have, and then you, you know, you could just put down sites at random, or you see

what you, you actually saw in the data. And he saw what were known as Fat tails.

And [COUGH], what that means is, effectively you saw too many articles

that had lots of citations and too many that had very few citations, so if you

look at the extremes you saw those being over represented.

And then numbers that were close to the average, you saw fewer having sort of a

middle amount of of citations, you either got very highly cited or very low

citation. this is related to a lot of other things.

There, there's a lot of things that have Fat tails.

these distributions go back to Pareto in the 1890s so things like wealth

distributions distribution of cities, populations around the world, words

usage. There's a whole series of different

things that have these kinds of Fat tails.

And in particular there's a well know paper by Albert, Jeong and Barabasi in

the late 1990s where what they looked at was webpages and connections to webpages

in the Notre Dame part of the world wide web at that point in time.

And what is plotted here, is a comparison between the in, in the blue are the

actual data of the world wide web connectedness, and in the pink color here

is what we would see if, if the links had been formed uniformly at random.

And the idea of a of a Fat tails here are the idea that when we look at the actual

representation, we've got, so this is log of frequency, log of degree.

we have a higher frequency of really high degree nodes, and a higher frequency of

really low degree nodes, and then the middle degree nodes are under represented

relative to things. So we have this Fat tails, and in fact

the distribution in this log log plot is almost linear.

so, you know, a line is a reasonably good match for what's going on in these data.

we'll talk about that in more detail as the course pers goes along.

But the important thing here, is that there are the distribution is a little

bit different than what we'd have gotten if we had just thrown down the lengths

uniformly at random. Kay, so this is known, roughly is what's

known as a as scale free distribution. the probability that a, given link has

degree d, can be thought of as proportional to the degree raised to some

power. And, part of the reason that this is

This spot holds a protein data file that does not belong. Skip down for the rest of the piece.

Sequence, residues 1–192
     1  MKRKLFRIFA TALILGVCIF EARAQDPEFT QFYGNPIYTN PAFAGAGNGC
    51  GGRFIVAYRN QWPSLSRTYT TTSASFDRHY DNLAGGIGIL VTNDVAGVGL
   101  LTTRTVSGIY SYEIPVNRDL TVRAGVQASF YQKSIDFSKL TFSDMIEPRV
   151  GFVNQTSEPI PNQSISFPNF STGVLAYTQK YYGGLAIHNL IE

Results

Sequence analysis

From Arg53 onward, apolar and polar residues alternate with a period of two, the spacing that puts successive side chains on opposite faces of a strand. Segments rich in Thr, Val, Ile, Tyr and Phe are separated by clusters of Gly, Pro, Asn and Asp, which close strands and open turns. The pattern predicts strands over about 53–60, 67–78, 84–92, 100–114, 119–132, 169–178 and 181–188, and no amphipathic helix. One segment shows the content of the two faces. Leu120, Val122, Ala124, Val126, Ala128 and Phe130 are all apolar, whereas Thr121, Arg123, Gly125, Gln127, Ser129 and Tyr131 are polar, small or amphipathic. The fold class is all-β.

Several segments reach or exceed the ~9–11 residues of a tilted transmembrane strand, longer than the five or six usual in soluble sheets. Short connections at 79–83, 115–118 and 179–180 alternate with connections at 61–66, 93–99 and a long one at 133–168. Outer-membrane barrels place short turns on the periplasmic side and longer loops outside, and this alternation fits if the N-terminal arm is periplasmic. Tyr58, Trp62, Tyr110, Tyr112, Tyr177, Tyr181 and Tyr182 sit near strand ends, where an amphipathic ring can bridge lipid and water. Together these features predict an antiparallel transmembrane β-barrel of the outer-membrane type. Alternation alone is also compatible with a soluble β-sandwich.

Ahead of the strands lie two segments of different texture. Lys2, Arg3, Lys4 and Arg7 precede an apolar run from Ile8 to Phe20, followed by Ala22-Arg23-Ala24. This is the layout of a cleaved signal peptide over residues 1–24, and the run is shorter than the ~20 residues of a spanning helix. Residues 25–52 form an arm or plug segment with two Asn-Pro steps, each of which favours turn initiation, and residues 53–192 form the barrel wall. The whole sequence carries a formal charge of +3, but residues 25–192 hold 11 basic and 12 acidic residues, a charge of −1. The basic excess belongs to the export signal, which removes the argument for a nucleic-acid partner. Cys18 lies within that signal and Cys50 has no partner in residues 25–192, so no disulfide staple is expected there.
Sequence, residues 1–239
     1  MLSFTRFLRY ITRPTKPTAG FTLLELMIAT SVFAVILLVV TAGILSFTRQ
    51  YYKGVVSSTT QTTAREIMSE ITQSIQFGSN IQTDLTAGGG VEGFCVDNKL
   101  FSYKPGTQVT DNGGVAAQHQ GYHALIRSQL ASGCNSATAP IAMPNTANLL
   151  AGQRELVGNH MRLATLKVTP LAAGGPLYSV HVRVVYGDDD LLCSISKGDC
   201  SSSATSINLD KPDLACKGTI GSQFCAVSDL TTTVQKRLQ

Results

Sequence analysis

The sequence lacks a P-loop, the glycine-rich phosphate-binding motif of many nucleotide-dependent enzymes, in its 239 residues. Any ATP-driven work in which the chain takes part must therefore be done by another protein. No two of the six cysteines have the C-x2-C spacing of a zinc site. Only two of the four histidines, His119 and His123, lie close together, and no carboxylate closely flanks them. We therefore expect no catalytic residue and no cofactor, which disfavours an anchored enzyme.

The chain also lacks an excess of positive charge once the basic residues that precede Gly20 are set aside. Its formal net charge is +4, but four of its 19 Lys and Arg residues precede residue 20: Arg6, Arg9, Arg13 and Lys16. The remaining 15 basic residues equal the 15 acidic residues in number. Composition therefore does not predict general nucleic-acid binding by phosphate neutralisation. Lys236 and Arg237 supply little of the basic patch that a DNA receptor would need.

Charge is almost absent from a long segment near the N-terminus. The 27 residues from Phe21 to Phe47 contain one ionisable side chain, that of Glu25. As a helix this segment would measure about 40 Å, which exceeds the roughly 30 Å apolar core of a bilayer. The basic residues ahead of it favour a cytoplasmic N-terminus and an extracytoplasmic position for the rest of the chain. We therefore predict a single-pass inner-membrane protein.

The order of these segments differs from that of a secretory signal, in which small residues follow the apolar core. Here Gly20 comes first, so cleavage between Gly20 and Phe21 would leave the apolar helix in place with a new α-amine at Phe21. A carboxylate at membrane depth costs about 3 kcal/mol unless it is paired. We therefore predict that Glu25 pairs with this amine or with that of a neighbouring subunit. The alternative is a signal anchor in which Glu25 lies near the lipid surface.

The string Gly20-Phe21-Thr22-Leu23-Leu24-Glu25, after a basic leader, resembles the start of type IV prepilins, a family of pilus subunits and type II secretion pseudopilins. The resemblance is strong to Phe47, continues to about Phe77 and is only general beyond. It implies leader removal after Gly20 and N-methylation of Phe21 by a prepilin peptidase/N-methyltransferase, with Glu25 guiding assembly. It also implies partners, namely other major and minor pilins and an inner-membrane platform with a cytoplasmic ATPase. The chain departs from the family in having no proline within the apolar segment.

known as scale free is if we, you know, double the degree, then we, we, we scale

up, the relative probabilities, scale up so that.

the we'll still get the likelihoods, will be proportional to each other as, as we

are increasing degrees. And in particular if you take log of each

side of this what do we end up with? We end up with the log of, of the

probability, the frequency of having a given degree is going to be proportional

to, some factor times the log of the degree.

and so it, it, if it was fitting this, this distribution exactly, we should have

a line. And indeed, when we look at what we saw

here and, and you know, we get a reasonable approximation by a line in

those data. Okay, let's have a look at a completely

different kind of network and see whether we also see Fat tails or not.

So this is, Bearman, Moody, and Stovel's data, the high school romance data, that

we talked about just, a few moments ago. and here, we're looking at one high

school, nodes are colored by, gender, male, female.

And a link between two nodes means that they had a romantic relationship during a

time period that was captured in, in the surveys in, in this high school.

And, in particular, you know, here we see a different kind of structure.

We've got a bunch of, of, you know, 63 different diads, so just two people

connected to each other. We see one fairly large component which

has a couple of cycles in it, but looks almost like a tree.

you see some other different shapes here, a number of, of different configurations.

So, a bunch of small components, one larger component.

And actually, there's some isolated nodes that are omitted from the picture.

let's look at the deg, degree distribution of this one, and compare it

to the uniformly at random. So, here again, log of degree, log of the

frequency. And in this case when we look at the

actual data compared to the uniform at random, the fit of, if we actually try

and match these up, the fit in terms of matching up the data is a very close

match from just having. The uniform at random compared to a power

distribution, doesn't fit this as well, so this doesn't seem to have the fat

tails that the other one did. What does that tell us?

It tells us that degree distribution's of different networks can have different

properties. And if we're looking at some, they might

have something that looks much more uniform at random, what this tells us

about romance in high schools. but it it's saying that this is looking

much more like a a purely at random graph whereas the other looked like it had

something else going on in terms of its degree distribution looking more like a

power distribution. So, that gives us a a brief look at

degree distributions. We're going to be visiting those a lot

more in the course, they're [UNKNOWN] a very important way of characterizing a

network. And understanding how dense the network

is and also what the sort of variation is in degrees across the population.

so let's have a look at some other definitions that are going to be

important in networks.